One of the big problems our society faces today is that people are consuming more resources than ever before. And while the rate of 1st world consumption appears to be slowing down, the rate of consumption in the second and third worlds is speeding up. Earth’s resources are fast running out!

If that weren’t bad enough, we have to deal with overpopulation, climate change, habitat destruction and species extinction. On top of that we have air, land and water pollution as well.

There are a limited number of chemical and mineral deposits on this planet. Resources are finite. Except people are still using them up like there is no tomorrow.

All synthetic materials are mined from somewhere on the Earth’s crust. And all mines reach a peak capacity before further extraction becomes unviable or uneconomical. After that they close a mine down and do further exploration.

Understandably, nobody today wants to volunteer to build a mine in their backyard. Yet forests and oceans can’t adequately protect themselves from investors, so it’s always the natural zones that are most at risk of mining exploration & ultimately extraction.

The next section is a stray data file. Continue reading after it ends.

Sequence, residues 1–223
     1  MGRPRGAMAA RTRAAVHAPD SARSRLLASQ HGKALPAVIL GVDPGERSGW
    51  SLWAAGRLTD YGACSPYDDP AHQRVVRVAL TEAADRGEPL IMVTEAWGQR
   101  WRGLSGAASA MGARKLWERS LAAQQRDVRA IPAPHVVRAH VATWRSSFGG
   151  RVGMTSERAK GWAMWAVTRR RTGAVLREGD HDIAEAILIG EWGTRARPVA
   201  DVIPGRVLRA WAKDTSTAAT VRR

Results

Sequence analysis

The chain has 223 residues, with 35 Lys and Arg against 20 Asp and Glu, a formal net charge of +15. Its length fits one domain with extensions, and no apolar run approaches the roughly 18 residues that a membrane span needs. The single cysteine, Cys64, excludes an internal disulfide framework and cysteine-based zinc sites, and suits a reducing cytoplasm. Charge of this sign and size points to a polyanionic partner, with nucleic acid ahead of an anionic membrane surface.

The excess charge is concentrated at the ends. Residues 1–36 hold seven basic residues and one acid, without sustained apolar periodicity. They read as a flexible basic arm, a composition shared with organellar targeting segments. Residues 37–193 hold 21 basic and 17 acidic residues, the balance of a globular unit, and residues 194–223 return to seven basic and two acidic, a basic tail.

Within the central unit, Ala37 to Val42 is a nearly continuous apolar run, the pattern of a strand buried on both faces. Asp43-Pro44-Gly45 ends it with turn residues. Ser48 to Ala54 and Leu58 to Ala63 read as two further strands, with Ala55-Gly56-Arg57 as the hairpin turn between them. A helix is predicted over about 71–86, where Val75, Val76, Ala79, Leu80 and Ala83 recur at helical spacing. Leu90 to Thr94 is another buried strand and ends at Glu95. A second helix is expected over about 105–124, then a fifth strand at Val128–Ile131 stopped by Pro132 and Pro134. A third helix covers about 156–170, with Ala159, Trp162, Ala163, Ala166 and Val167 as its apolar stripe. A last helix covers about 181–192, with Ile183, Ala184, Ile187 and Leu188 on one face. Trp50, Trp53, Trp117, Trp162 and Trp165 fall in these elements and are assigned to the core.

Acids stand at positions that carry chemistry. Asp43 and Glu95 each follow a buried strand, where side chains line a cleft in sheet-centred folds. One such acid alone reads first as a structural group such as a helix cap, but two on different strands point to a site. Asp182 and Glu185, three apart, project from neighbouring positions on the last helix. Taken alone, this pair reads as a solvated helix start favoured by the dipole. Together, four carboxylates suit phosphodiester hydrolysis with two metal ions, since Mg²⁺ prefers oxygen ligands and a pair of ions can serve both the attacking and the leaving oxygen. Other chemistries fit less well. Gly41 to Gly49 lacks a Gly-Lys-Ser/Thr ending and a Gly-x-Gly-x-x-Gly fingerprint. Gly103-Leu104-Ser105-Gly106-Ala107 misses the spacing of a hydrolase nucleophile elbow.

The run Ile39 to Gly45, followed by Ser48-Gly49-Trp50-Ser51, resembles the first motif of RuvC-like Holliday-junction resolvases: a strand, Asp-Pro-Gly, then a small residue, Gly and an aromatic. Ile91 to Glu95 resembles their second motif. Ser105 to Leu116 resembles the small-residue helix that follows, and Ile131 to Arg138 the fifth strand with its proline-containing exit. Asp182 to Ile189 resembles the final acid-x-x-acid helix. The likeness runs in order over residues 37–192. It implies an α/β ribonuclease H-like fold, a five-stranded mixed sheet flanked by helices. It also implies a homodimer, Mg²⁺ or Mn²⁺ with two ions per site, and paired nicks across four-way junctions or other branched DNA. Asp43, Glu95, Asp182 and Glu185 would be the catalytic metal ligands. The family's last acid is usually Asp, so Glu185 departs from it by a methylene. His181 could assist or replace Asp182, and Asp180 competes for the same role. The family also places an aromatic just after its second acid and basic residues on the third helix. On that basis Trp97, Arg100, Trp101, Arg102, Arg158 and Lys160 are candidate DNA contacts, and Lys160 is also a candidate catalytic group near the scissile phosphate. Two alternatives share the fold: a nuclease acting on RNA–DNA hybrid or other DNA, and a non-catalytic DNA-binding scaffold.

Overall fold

But what happens in a couple of hundred years’ time when we can no longer mine anywhere new because of even greater urbanisation? Will we have to sacrifice even more natural areas in order to feed our incessant desire for consumerism? Does humanity really want to live in a world without any natural protected spaces? Imagine a world without rainforests or reefs.

We do not like the thought of that. Yet it is already happening.

It’s clear that we as an entire civilisation are not doing enough –not thinking enough– about our addiction to materials. We need to restrict the use of technical nutrients that are currently lost to landfills and preserve those raw materials which have fewer (or inferior) alternatives. In general, we need to consume much less. We need to return to a culture of the basic needs, without all the wants.